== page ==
Your success or failure in the standing position will come from your mastery of the crucial precursor skills

Your success or failure in the standing position will come from your mastery of the crucial precursor skills: A huge mistake in most Jiu jitsu standing programs is the tendency to teach a set of takedowns as the class curriculum. Students are shown a given move, say a single leg takedown, they drill it for a while and then move to the main component of the class - the ground positions. At best this creates a class of students who can drill the moves - but it never produces a class of students who can perform the moves against a strongly resisting opponent in sparring and competition. A big part of the reason for this is of course, the fact they don’t do any sparring in the standing position; but there is another important reason - THEY ARE NEVER SHOWN THE CRUCIAL PRECURSOR SKILLS OF STANCE, MOTION, GRIP, OFF BALANCING AND POSITION THAT ACTUALLY MAKE THE TAKEDOWNS POSSIBLE AGAINST A RESISTING OPPONENT. In standing grappling, TAKEDOWNS ARE THE CULMINATION OF THE APPLICATION OF PRECURSOR SKILLS THAT HAVE TO BE APPLIED FIRST BEFORE THE TAKEDOWN CAN BE PERFORMED. If those skills are lacking - the takedown will prove impossible the moment the opponent starts resisting. These crucial precursor skills are not sexy - no one gets excited about the prospect of practicing grip fighting, stance or movement - so they get ignored. Just as you can never hope to apply an arm bar on a resisting opponent without learning the precursor skills of passing and pinning and control - you can’t apply a takedown without standing precursor skills and learning takedowns without them is simply not going to be productive - you may look ok doing your drills but you won’t be able to takedown a resisting and competitive opponent. Make sure you spend as much time learning these crucial precursor skills of the standing position as you do takedowns - they may not be as sexy but when the pressure is on they will the factor that makes you successful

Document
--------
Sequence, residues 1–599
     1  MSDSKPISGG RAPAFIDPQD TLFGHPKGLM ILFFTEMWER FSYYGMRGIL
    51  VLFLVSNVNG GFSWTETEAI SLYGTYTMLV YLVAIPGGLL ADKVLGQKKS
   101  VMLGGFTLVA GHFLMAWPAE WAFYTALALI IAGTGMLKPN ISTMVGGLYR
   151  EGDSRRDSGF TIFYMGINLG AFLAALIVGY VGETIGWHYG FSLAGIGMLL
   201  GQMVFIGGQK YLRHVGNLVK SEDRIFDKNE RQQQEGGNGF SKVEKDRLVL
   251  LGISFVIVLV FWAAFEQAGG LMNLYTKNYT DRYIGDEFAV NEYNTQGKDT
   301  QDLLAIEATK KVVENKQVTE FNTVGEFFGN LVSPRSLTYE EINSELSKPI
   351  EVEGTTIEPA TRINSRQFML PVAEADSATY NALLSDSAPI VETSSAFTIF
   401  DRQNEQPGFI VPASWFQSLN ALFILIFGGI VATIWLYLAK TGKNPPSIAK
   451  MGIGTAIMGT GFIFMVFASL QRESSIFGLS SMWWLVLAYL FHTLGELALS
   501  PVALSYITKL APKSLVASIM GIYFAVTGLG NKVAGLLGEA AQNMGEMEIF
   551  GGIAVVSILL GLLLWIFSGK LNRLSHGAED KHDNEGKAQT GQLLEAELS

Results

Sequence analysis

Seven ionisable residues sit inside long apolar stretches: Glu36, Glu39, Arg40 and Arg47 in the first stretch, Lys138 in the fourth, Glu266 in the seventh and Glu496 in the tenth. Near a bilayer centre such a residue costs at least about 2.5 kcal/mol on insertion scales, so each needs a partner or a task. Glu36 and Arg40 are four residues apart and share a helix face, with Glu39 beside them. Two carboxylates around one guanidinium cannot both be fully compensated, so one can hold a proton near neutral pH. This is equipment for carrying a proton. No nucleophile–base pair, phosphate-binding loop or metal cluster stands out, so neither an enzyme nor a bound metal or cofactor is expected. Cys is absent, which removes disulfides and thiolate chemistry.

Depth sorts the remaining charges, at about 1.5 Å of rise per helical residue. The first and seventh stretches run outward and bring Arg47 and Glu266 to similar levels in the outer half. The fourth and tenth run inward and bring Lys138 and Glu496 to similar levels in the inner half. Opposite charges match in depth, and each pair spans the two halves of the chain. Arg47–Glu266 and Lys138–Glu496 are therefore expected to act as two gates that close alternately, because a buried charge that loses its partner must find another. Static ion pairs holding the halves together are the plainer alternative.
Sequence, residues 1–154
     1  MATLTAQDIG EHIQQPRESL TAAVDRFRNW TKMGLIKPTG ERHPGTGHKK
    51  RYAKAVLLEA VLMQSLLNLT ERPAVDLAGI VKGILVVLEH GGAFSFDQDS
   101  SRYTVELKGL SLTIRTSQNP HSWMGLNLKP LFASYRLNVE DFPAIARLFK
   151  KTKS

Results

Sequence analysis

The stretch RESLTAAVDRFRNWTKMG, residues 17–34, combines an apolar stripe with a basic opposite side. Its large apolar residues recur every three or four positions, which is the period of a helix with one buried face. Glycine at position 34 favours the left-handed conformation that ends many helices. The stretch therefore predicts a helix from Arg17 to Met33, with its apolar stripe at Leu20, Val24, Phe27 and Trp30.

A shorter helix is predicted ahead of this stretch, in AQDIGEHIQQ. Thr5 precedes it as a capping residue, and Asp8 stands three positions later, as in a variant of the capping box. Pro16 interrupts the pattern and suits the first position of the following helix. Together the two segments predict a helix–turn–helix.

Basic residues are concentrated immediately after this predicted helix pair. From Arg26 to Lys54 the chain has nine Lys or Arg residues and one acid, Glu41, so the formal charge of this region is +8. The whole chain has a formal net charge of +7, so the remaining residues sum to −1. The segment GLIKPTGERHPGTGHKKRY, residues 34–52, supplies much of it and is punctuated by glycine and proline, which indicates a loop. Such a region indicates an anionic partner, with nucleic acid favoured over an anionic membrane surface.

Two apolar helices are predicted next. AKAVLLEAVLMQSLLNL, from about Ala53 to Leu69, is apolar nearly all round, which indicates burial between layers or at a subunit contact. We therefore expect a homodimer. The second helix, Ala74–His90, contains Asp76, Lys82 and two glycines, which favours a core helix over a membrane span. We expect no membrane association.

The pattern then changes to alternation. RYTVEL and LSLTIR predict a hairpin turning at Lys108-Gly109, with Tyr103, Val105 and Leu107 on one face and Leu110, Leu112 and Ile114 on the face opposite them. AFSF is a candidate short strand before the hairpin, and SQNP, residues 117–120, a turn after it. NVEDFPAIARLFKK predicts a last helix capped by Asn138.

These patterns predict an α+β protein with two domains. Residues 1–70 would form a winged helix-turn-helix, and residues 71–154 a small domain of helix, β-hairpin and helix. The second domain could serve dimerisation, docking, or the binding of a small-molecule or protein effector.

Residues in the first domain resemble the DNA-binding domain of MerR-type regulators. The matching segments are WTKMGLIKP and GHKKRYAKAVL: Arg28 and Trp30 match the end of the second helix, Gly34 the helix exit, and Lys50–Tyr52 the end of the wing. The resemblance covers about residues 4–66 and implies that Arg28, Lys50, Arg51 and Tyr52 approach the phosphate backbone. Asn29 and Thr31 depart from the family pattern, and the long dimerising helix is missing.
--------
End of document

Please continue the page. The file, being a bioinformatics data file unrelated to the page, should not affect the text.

Jiu jitsu takedowns - controlling the aftermath of the takedown